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Test # Phrasal verbs - Count


1.
My messing things up last time will count ________ me when they're deciding who should be in charge.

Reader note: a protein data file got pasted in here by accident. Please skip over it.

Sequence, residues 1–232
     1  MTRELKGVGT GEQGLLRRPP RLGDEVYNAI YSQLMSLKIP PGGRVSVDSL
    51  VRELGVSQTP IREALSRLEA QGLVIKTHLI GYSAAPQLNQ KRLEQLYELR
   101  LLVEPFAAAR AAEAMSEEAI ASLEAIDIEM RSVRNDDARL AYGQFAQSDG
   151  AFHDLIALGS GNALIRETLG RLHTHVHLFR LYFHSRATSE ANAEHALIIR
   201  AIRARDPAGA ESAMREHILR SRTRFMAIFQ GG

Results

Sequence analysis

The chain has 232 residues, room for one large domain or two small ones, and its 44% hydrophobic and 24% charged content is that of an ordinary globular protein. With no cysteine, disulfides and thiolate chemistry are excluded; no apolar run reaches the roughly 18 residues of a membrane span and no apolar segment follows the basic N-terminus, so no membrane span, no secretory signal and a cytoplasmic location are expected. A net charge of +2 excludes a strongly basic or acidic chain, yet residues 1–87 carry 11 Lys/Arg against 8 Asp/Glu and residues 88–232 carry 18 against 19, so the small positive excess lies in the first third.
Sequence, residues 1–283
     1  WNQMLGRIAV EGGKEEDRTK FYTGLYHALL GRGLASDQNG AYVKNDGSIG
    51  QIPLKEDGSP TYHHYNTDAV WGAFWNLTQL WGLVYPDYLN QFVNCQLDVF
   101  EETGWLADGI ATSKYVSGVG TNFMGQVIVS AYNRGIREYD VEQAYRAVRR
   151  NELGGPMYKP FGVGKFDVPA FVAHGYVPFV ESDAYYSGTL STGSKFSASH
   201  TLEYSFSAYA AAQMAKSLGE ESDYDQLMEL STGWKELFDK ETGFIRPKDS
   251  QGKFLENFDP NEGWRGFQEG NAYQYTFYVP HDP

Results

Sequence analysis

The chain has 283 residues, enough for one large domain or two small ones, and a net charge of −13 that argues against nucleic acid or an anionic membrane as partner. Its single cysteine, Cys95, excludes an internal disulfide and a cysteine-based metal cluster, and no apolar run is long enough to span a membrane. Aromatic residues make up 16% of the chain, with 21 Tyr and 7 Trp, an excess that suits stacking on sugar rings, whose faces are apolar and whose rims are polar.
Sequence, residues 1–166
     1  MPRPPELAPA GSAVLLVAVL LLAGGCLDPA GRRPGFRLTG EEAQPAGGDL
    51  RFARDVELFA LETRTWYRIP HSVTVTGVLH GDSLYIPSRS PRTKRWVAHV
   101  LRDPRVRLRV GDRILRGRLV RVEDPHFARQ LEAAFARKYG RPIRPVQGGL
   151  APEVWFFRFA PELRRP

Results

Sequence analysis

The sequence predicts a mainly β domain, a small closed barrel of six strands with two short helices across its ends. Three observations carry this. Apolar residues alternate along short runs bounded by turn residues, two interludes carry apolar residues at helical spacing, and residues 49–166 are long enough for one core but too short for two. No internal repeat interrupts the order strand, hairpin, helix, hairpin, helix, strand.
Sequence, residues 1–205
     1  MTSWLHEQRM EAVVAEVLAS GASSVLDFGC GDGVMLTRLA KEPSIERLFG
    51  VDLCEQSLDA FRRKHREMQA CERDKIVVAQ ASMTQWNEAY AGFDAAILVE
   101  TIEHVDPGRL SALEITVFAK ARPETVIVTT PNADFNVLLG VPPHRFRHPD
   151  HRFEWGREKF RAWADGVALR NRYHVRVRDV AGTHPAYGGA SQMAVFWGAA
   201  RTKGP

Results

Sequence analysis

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    In 1919 Dr. Walter Bauersfeld of the Carl Zeiss optical works in Jena, Germany, proposed a planetarium. Following his 1922 success with a 52-foot-diameter (16-meter) iron-rod dome built on the roof of the companys building the first lightweight steel structural framework in the world Bauersfeld consulted the structural engineers Dyckerhoff and Widmann about a larger version. Then, together with their designers Franz Dischinger and Ulrich Finsterwalder, he built the worlds first lightweight thin-shell concrete dome for Zeisss sister company, Schott and Partners. It was 131 feet (40 meters) in diameter and only 2.4 inches (6 centimeters) thick. The new structural technology, honed in later structures, made possible clear spans of lighter weight than had ever been imagined. Because concrete shells depend on configuration rather than mass for their strength, and because they exploit the fact that concrete is essentially a fluid, they have been characterized as the ultimate concrete form. Some of the most exciting examples have come from Spanish engineer-architects. Eduardo Torroja y Miret (1899 1961) was perhaps the most innovative engineer of the early twentieth century, notable for shell concrete roof designs that employed continuous surfaces and eliminated the need for ribs. Three examples should suffice. Torrojas first thin-shelled concrete roof was for the Market Hall in Algeciras, Spain (1933 1934), designed in conjunction with the architect Manuel Sanchez. The low-rise dome, supported at six points on its perimeter, spans 156 feet (48 meters); it is only 3.5 inches (9 centimeters) thick. In 1935, working with the architects Carlos Arniches Molt


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